Florence’s streets are filled with secrets and curiosities: some of them are known to those into history and local legends, others are so obscure...
The first time I fell for the work of Francesco Camillo Giorgino, a.k.a. “Millo,” was the second I laid my eyes on one of his murals: a red-painted heart, amidst a surrounding black-and-white surface, that was being firmly hugged by a larger-than-life child-like figure.
After seeing Millo’s name featured on The National Italian American Foundation (NIAF) list, that celebrates the association’s 40th Anniversary, I knew I wasn’t the only one.
NIAF’s 40 Under 40 wants to showcase top young Italian talents who have successfully emerged in the art, technology, culinary, fashion and many other fields.
Born in Mesagne, Italy, Millo is a street artist.
After winning the 2014 B.Art competition, the 36-year-old artist had access to paint alone 13 massive murals in the town of Turin. This was the turning point of Millo’s passionate career.
“I have spent over two months suspended on the city,” writes Millo. “From that time on I’ve been invited to various festivals around the globe such as in Casablanca, Minsk, Bialystok, Lisbon. Also, I’ve done different shows. It’s a crazy wandering life!”
During our interview, Millo tells the story on how he first started as an architect to eventually become the artist that was inside of him ever since a child. “I could no longer ignore my real passion,” he writes. Millo started working on small canvas, participating to shows and events to make a name for himself. And he did.
Lavinia Pisani: What does it mean for you to be a street-artist in a traditional and conservative country such as Italy?
Millo: It was a great surprise even for myself to discover
I am a street artist. Italy is a traditional and conservative country, but at the same time it has always been a vanguard nation, just think about all of our artists, artisans, scientists and stylists. It is true that the Italian street art institution is still considered as an underground phenomenon, despite the daily sharing of wall pictures on social media by thousand of Italian young people. I believe things are changing already and they will even more.
L.P: What is the message you want to spread through your murals and in what way are you making a difference?
Millo: I do not have a specific message that I want to spread through my walls. Every single one of them shows a different story, depending on how I am living and feeling in that moment. My work should be read the way it is, from background to foreground, landscapes and characters. I cannot really tell what the most important element is. Some people enjoy losing themselves in my cities, others looking only at my characters. It’s impossible for me to disconnect the two things. My giant characters are probably the representation of myself, but even more, they could be seen as every single one of us. They are always doing something in this chaotic world reminding us of our childhood and also the contemporary lives we live. I don’t have a real philosophy. I let everything inspire me, and that’s why my works have all sorts of meanings.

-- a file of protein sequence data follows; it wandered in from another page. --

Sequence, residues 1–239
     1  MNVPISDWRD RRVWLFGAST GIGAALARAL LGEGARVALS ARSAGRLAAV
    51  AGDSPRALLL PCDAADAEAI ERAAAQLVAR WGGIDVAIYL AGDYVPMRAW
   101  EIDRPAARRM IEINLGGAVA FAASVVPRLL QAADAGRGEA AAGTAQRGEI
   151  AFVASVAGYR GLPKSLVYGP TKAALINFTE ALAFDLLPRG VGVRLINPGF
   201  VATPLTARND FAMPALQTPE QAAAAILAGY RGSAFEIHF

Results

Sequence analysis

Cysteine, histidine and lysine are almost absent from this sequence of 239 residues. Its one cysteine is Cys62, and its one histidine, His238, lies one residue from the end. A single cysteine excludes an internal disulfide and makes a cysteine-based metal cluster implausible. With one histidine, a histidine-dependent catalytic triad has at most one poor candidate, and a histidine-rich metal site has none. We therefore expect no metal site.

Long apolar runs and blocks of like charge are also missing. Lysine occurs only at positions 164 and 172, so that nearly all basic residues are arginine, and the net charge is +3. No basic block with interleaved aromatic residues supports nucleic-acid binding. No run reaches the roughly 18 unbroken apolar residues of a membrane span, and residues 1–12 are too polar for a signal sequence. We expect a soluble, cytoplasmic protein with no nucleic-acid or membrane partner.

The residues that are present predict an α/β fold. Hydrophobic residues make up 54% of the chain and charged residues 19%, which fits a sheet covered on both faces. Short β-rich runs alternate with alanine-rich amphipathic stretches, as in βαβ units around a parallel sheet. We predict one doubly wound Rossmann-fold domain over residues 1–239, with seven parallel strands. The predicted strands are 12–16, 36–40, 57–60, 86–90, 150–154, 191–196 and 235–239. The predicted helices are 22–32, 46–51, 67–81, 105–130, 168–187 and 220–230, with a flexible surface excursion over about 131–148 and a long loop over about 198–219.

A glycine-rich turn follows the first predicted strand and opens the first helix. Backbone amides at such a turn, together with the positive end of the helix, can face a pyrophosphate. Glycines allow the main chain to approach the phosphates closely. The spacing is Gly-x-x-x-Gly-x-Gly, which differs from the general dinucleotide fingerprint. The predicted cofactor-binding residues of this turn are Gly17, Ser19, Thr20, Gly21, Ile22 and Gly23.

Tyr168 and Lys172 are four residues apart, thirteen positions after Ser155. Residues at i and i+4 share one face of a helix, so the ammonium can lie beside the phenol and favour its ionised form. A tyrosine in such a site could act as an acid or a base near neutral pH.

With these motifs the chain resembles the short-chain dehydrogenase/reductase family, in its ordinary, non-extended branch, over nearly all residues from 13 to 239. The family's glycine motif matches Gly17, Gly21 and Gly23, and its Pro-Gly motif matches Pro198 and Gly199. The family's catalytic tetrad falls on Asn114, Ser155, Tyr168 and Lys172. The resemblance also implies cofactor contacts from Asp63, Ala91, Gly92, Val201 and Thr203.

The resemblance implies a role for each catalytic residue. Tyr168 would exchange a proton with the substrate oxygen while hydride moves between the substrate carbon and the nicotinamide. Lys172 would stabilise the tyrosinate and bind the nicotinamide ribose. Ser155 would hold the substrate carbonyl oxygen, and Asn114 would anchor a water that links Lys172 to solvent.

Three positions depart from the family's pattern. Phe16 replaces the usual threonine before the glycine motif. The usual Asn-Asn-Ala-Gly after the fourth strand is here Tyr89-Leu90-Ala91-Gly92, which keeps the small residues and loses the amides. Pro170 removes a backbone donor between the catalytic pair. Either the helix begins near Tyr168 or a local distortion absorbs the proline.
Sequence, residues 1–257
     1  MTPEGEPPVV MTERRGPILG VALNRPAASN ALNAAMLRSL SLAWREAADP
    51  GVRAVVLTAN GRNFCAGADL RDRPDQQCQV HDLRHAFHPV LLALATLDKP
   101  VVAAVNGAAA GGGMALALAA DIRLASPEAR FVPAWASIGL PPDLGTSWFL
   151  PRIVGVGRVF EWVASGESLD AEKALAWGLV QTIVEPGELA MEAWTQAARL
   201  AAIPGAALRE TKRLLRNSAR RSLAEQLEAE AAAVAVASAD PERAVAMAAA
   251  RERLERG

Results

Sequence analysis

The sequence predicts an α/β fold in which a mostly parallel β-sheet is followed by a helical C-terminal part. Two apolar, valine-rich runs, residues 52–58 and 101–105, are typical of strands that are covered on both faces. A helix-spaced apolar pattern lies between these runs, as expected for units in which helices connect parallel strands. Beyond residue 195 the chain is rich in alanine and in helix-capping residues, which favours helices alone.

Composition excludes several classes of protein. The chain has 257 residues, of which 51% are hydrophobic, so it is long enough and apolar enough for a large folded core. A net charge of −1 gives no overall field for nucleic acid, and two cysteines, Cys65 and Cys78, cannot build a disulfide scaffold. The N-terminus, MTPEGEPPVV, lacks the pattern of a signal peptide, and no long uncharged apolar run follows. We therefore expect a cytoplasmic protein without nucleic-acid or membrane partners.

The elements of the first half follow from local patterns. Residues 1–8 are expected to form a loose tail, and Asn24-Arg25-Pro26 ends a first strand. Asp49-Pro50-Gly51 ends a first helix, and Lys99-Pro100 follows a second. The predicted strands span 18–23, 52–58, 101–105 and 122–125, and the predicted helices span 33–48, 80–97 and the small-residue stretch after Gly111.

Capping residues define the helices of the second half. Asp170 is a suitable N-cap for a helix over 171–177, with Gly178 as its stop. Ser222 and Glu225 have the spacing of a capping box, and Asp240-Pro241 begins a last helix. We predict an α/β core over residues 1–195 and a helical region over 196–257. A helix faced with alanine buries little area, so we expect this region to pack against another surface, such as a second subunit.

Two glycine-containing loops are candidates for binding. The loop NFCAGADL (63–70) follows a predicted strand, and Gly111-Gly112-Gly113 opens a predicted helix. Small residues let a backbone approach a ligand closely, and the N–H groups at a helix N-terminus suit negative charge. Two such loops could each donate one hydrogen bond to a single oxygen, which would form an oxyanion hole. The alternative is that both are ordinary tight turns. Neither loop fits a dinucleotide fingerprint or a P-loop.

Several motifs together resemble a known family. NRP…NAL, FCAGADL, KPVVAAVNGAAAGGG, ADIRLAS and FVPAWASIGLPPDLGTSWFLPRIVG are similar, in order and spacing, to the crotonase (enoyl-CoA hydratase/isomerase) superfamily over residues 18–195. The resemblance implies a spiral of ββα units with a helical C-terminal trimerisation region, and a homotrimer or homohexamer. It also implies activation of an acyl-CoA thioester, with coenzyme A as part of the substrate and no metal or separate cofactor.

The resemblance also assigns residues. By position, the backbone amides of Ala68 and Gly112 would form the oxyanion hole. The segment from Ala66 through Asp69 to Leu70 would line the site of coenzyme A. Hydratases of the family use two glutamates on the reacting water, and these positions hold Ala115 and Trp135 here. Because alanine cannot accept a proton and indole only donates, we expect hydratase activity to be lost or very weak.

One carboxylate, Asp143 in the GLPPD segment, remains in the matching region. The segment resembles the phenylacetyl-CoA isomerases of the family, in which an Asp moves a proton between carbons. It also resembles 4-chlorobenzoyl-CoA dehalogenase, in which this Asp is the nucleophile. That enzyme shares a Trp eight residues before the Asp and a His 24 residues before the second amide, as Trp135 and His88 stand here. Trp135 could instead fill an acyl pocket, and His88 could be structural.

L.P: According to what criteria, or reason, are your murals displayed in one part of the city versus another?
Millo: In those last 50 years, due to the real estate speculation, our cities are now full of blind grey facades. So, whenever is possible, I prefer to realize my paintings in those areas. I like to consider myself as an enlightening pen. I’ve worked on a lot of projects in regard to urban regeneration. It has been inspiring for me to see how the human perception of a degraded area changes after art intervention. I work on that and I love it.
L.P: Why are the people represented in your murals most of the time bigger than the environment surrounding them and how do you decide if something is going to appear in black-and-white, or colour?
Millo: Through my walls, I try to recreate the habitat as an anonymous urban area that can be easily associated with any city in the world. Also, I focus on the relationship between urban landscape and characters. My characters are always out of scale and a little clumsy. They act as if they wanted a painted world. Sometimes they are playing, other times they are dreaming and so on. My characters should be seen as the most pure part of ourselves. Not only as kids, but also as what we daily forget to be. I usually paint my walls in black and white, but colours help me sometime underline the message I feel like spreading in the moment and also guide viewers reading my work.
L.P: How long does it take for you to work on one mural?
Please tell us about the process from beginning to end also mentioning some of the techniques you use.
Millo: Usually, it takes me about three days to complete, let’s say a four floors wall. The higher the wall, the more work I have. Sometimes I do little sketches on paper of what will soon appear on the wall then I start painting freehand without any mark, or just a tiny one of the characters. In order to realize my walls, I always need a cherry picker and some buckets of paint. After that, there is only my imagination and the wall.
L.P: In what way does your craft influence your everyday life?
Millo: My girlfriend usually tells me that I should live with my head on the shoulder instead of having it on the clouds. Doing the job I do, a great part of my existence is spent in imagination. She loves me for the very same reason though.
L.P: Your work has been exhibited internationally such as in London, Rio de Janeiro, Chicago, Rome and more. Where would you like to be featured next and why?
Millo:I really would like to realize some walls in China in order to test my girlfriend’s Chinese speaking and to see how it is to live in a big, growing reality.